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Mental Health Services in United States Jails: A Survey of Innovative Practices

NCJ Number
Criminal Justice and Behavior Volume: 24 Issue: 1 Dated: (March 1997) Pages: 3-19
Date Published
17 pages

Policies and practices that jails of different sizes use to manage detainees with mental illnesses were studied


The research collected information by means of a mail survey to a random sample of all jails, a telephone survey to a stratified sample of 100 of the jails that responded to the mail survey, and site visits to 10 jails. The 1-page mail survey received responses from 1,036 jails, for a 61- percent response rate among the 1,706 jails to which the survey was mailed. The stratified sample was selected from jails that had rated their mental health services as very effective; 10 were chosen for site visits due to their particularly noteworthy practices. Results revealed much emphasis in the jails' mental health services on screening, evaluation, and suicide prevention. In addition, despite many barriers that jails experience in providing treatment for detainees with mental illnesses, many jails have designed and implemented innovative programs and policies for these detainees. The innovative programs were grouped into five core areas: (1) screening, evaluation, and classification procedures; (2) crisis intervention and short-term treatment practices; (3) discharge planning mechanisms; (4) court liaison mechanisms; and (5) contracting procedures. Findings indicated that these jails' policies and procedures represent promising strategies that can be adapted to individual communities to help all jails develop mental health services that meet constitutional standards and the needs of the individual jail, its detainees, and its community. Tables and 16 references (Author abstract modified)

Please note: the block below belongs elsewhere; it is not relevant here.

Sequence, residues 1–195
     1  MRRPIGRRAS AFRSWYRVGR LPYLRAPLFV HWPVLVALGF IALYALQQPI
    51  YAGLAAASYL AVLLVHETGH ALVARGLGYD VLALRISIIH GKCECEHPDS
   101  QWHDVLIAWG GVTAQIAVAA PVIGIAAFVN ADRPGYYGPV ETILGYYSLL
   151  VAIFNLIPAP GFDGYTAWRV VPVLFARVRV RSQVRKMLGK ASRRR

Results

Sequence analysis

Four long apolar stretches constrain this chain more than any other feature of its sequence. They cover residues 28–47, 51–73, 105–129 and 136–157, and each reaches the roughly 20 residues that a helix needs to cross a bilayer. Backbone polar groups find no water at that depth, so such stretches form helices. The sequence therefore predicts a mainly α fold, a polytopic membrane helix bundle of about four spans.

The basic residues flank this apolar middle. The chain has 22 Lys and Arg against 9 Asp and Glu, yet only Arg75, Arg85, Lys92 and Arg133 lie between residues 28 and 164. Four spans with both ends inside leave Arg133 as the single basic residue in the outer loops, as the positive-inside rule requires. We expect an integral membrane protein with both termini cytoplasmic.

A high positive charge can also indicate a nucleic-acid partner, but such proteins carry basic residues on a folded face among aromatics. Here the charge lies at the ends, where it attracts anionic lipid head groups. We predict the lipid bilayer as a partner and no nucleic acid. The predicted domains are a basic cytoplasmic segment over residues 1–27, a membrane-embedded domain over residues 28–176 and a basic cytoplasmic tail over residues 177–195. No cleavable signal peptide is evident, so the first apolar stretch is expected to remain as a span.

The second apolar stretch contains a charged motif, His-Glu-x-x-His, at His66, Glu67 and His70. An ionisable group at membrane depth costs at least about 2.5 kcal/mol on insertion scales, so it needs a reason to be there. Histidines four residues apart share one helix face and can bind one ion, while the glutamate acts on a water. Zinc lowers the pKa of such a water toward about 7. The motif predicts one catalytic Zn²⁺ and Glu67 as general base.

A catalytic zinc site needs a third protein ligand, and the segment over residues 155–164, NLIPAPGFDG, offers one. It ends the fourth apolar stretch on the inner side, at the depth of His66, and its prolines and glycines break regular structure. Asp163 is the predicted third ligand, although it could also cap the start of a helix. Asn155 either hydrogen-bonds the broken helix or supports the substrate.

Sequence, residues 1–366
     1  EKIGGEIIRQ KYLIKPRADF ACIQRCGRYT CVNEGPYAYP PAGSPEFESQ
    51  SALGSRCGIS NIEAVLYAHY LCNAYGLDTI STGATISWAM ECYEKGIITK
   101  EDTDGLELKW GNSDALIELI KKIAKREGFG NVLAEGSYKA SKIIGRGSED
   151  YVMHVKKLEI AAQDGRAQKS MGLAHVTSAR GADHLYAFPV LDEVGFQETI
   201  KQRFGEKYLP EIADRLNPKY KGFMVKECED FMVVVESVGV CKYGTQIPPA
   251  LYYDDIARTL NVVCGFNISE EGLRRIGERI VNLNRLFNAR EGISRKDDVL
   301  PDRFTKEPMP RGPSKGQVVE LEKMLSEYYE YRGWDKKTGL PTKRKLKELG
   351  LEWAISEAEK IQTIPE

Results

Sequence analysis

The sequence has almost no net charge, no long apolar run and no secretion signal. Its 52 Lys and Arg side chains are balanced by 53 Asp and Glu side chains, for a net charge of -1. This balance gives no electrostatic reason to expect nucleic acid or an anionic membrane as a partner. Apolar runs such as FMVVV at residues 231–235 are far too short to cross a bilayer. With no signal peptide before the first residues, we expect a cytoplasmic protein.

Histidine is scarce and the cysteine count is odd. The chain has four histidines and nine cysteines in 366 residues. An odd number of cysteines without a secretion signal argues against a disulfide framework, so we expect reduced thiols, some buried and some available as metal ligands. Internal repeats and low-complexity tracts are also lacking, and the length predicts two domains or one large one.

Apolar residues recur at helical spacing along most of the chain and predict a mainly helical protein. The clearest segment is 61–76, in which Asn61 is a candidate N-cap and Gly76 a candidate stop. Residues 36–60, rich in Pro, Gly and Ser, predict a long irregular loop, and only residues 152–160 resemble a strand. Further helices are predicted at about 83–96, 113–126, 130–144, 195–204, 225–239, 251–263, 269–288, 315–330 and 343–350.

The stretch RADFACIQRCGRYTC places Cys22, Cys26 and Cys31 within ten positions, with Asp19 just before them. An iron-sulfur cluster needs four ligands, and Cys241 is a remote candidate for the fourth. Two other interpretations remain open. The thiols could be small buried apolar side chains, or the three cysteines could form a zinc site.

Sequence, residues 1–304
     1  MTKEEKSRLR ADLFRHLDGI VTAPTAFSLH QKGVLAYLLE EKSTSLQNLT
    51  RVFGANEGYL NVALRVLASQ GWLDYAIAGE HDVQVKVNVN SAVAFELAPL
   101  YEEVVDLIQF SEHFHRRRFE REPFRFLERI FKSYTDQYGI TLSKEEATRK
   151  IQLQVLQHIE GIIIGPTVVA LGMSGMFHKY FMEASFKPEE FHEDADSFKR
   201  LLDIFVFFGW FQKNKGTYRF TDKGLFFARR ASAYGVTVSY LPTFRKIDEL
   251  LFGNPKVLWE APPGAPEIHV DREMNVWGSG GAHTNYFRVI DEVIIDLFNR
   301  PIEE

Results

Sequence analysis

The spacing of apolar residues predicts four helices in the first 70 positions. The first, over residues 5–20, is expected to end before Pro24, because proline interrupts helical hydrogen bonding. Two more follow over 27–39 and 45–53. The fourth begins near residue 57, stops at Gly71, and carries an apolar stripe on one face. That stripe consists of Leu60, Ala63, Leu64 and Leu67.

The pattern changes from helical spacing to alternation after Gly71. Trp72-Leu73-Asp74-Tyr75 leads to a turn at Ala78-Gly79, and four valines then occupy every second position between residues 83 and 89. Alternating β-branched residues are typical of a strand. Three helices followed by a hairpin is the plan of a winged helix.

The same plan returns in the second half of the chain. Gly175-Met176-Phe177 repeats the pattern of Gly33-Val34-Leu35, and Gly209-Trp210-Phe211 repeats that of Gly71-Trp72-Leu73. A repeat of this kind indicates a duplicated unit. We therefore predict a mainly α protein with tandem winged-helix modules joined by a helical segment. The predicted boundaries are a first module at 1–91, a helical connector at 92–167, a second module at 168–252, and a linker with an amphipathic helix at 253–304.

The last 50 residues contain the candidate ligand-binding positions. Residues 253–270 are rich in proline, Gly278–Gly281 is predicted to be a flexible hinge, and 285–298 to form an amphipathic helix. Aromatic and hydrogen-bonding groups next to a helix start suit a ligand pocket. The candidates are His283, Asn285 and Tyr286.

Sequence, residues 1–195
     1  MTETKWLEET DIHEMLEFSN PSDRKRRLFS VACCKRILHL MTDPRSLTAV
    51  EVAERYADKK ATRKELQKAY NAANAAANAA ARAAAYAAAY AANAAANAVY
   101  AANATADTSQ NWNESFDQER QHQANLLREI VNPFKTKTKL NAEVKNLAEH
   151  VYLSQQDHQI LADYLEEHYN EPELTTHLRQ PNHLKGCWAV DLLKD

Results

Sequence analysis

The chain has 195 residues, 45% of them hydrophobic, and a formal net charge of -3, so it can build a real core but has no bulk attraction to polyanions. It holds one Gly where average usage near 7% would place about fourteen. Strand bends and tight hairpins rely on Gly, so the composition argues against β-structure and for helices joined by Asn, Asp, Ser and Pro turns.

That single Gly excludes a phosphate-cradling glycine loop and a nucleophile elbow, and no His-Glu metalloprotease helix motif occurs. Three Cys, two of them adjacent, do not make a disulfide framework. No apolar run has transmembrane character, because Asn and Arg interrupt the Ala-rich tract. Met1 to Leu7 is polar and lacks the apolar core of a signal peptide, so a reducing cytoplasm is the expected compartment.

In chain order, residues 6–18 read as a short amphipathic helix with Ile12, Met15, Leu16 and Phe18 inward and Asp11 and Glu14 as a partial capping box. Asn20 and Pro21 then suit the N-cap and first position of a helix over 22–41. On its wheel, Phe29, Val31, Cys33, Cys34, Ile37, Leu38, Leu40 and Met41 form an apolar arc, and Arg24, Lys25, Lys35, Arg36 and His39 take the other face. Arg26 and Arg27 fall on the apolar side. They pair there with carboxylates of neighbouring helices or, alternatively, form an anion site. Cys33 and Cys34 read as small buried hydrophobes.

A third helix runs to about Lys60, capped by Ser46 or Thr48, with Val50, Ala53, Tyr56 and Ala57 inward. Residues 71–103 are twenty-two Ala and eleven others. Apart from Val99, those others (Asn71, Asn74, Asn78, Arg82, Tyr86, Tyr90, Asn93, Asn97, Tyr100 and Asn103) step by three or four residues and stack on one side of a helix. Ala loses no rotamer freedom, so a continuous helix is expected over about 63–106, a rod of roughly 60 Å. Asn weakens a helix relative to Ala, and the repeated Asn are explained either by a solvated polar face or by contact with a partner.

Date Published: January 1, 1997